Received: by alpheratz.cpm.aca.mmu.ac.uk id PAA13293 (8.6.9/5.3[ref email@example.com] for cpm.aca.mmu.ac.uk from firstname.lastname@example.org); Sat, 12 Jan 2002 15:38:39 GMT From: "Lawrence DeBivort" <email@example.com> To: <firstname.lastname@example.org> Subject: RE: playing at suicide Date: Sat, 12 Jan 2002 10:11:06 -0500 Message-ID: <NEBBKOADILIOKGDJLPMACEDMCJAA.email@example.com> Content-Type: text/plain; charset="iso-8859-1" Content-Transfer-Encoding: 7bit X-Priority: 3 (Normal) X-MSMail-Priority: Normal X-Mailer: Microsoft Outlook IMO, Build 9.0.2416 (9.0.2910.0) Importance: Normal X-MimeOLE: Produced By Microsoft MimeOLE V5.00.2919.6600 In-Reply-To: <JJEIIFOCALCJKOFDFAHBEENEEBAA.firstname.lastname@example.org> Sender: email@example.com Precedence: bulk Reply-To: firstname.lastname@example.org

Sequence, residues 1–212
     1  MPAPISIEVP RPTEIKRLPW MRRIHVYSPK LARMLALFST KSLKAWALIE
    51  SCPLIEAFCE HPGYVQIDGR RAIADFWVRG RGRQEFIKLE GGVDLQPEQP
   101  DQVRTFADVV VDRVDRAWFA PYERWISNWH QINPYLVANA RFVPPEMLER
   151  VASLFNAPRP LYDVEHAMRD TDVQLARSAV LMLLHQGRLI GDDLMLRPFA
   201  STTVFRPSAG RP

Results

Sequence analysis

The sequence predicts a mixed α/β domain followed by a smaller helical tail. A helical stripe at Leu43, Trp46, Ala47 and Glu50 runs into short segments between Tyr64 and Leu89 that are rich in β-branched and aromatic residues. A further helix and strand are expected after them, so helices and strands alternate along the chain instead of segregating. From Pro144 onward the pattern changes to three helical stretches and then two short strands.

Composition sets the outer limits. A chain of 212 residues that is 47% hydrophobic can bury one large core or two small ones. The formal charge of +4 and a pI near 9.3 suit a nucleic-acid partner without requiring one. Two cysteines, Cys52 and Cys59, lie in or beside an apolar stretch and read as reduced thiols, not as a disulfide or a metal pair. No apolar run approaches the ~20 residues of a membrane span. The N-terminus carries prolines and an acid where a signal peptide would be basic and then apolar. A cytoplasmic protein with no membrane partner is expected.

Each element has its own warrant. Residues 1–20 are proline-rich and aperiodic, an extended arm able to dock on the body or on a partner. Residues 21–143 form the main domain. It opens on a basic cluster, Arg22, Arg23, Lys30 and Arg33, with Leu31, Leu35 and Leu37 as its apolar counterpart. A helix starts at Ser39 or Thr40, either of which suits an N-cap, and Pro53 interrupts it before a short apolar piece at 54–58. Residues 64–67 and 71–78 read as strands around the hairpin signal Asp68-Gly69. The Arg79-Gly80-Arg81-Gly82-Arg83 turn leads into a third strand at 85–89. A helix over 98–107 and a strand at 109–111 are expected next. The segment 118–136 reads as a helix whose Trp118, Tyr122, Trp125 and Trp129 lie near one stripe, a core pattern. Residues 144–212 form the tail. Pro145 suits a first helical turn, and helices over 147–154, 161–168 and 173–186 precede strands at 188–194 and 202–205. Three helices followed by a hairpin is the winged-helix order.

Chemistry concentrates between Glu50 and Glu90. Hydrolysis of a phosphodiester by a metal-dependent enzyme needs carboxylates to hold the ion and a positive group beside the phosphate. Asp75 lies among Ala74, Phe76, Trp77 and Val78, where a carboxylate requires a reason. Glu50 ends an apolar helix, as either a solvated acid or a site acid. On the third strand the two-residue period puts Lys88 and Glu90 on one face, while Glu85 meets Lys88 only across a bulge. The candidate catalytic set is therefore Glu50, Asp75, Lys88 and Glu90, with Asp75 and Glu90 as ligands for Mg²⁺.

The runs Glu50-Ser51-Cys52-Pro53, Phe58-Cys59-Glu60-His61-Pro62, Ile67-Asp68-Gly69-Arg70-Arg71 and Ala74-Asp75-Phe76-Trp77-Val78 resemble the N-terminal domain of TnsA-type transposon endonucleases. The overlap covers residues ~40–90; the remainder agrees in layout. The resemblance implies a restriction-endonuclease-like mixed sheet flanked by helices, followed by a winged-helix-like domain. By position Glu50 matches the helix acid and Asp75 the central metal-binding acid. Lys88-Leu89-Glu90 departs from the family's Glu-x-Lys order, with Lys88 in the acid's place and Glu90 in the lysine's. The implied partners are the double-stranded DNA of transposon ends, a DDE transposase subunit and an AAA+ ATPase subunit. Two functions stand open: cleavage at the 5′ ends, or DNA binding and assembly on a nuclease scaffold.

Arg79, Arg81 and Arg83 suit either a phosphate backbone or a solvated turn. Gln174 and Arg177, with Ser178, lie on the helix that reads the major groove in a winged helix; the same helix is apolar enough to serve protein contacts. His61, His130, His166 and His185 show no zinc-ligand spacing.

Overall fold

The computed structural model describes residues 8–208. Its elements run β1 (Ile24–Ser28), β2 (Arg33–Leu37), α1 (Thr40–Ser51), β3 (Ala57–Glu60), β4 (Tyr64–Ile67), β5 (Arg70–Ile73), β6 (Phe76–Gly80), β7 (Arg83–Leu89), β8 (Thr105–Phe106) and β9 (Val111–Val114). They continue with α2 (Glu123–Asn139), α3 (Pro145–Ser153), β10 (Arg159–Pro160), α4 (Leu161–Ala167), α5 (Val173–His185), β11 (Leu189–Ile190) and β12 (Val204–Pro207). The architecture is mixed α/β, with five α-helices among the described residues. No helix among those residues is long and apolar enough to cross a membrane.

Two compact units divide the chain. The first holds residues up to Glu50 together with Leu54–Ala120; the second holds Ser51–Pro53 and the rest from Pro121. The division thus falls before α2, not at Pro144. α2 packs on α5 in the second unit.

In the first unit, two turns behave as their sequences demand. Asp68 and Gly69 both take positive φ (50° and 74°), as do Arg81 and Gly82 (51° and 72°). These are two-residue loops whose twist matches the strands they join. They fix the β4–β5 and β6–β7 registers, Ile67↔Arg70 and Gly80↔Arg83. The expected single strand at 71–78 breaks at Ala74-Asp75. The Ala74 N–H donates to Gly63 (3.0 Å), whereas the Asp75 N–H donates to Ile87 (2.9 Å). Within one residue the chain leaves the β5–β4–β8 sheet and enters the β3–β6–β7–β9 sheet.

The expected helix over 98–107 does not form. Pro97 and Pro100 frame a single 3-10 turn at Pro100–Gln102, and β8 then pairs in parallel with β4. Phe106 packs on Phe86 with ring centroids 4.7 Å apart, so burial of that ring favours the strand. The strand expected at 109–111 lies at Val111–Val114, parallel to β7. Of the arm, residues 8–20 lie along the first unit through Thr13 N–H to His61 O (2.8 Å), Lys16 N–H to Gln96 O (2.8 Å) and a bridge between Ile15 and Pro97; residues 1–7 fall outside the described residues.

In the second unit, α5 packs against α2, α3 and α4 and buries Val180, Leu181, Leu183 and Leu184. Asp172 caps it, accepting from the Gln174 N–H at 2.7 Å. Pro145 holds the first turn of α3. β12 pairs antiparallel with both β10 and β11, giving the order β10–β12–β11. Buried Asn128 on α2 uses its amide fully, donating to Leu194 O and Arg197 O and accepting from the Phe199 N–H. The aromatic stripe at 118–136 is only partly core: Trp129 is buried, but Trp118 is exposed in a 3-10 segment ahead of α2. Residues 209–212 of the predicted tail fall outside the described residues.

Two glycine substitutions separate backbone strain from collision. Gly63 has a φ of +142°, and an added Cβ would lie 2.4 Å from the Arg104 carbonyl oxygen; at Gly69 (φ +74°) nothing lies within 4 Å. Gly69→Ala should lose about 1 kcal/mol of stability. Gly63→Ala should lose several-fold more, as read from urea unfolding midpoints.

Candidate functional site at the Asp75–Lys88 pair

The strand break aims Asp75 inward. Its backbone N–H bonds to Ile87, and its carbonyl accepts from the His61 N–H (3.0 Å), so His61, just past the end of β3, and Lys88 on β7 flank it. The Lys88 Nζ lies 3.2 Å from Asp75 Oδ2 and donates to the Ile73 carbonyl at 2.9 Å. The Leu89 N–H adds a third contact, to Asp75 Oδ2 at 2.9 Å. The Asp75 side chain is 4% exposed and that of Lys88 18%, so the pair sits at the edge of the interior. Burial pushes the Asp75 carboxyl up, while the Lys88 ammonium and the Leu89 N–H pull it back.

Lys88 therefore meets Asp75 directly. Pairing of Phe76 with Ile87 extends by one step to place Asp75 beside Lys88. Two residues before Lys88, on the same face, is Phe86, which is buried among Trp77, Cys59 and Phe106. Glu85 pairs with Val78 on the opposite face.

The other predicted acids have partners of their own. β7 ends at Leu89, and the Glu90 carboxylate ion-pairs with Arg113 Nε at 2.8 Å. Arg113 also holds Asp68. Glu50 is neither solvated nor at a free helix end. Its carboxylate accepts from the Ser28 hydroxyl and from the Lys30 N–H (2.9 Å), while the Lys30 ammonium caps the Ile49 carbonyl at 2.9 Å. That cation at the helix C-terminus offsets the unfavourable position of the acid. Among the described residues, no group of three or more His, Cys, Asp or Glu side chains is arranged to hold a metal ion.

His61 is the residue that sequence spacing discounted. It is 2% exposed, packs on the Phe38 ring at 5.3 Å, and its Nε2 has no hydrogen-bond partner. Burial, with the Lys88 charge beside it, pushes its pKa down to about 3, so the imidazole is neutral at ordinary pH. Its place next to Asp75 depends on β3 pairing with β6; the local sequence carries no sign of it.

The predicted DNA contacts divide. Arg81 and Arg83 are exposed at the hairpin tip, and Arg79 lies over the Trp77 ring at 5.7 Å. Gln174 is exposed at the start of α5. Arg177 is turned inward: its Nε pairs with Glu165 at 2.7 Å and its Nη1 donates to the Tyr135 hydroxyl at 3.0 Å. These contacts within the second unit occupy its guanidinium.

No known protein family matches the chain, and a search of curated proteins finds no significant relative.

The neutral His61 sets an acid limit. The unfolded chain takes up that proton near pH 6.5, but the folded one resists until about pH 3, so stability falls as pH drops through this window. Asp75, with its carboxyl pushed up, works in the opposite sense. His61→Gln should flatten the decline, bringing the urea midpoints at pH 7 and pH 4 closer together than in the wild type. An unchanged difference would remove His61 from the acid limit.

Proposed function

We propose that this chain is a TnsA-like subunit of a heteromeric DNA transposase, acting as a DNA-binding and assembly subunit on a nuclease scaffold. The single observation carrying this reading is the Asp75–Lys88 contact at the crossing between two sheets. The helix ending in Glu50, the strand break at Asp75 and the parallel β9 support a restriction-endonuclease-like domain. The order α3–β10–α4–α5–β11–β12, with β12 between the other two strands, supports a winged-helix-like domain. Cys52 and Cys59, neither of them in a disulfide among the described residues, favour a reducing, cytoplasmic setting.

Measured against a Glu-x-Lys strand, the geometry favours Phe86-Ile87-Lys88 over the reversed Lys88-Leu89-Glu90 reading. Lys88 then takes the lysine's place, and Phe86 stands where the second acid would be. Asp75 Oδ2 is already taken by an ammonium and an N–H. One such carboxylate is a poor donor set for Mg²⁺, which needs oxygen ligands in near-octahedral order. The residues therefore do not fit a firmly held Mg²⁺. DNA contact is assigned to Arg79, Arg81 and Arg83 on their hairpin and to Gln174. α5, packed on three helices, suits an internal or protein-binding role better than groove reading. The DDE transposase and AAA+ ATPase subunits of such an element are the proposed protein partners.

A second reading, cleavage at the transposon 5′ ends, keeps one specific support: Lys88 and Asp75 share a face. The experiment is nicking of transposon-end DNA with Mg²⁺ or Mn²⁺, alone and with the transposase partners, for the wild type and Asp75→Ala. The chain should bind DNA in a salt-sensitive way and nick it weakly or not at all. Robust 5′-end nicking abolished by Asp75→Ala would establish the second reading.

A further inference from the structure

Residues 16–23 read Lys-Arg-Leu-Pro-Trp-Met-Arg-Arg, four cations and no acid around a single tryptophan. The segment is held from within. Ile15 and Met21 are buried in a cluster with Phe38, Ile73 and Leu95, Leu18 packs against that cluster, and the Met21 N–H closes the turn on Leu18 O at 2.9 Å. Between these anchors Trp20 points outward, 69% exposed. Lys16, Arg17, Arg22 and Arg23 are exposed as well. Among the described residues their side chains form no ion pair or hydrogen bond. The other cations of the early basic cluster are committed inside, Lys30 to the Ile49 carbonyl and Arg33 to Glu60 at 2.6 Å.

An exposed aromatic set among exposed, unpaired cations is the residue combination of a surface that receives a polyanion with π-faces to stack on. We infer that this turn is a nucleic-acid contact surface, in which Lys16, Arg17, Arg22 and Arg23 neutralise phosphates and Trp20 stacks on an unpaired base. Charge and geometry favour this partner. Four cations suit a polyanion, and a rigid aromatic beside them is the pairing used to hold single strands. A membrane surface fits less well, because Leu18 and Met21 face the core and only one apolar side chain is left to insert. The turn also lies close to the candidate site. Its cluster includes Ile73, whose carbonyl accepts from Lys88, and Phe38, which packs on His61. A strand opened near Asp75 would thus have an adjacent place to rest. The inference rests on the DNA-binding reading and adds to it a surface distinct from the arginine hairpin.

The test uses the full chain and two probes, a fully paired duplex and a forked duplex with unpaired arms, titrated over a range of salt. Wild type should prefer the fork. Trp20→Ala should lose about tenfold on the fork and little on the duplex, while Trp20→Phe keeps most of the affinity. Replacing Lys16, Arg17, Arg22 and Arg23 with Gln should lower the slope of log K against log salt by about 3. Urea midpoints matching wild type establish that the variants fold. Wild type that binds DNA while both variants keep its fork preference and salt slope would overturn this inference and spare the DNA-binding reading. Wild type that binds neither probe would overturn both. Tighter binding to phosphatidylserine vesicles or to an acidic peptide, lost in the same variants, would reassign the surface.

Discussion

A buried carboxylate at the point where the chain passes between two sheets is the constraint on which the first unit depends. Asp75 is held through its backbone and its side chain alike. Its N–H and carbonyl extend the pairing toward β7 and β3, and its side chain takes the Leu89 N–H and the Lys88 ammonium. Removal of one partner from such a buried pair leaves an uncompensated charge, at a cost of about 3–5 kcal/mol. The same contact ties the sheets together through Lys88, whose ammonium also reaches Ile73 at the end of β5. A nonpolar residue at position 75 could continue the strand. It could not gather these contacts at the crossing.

> GRANT: <<I am defending my theory because the only way to test it against
> is to defend it. My objective, though, is not to sell it, but to test it.
> The parts of it I can't defend I will discard.>>
Consider this: What if nobody bothers to 'refute' your theory or any of its
parts, and you take this non-response to confirm its validity? And, what if
someone attacks your theory, but you are unable to defend it even though it
is correct? Does your methodology for 'knowing' not leave you vulnerable to
1) the degree of interest people have in examining it, and 2) the level of
your own skill in defending it?
Is your formulation truly the best way for 'knowing what you know'?
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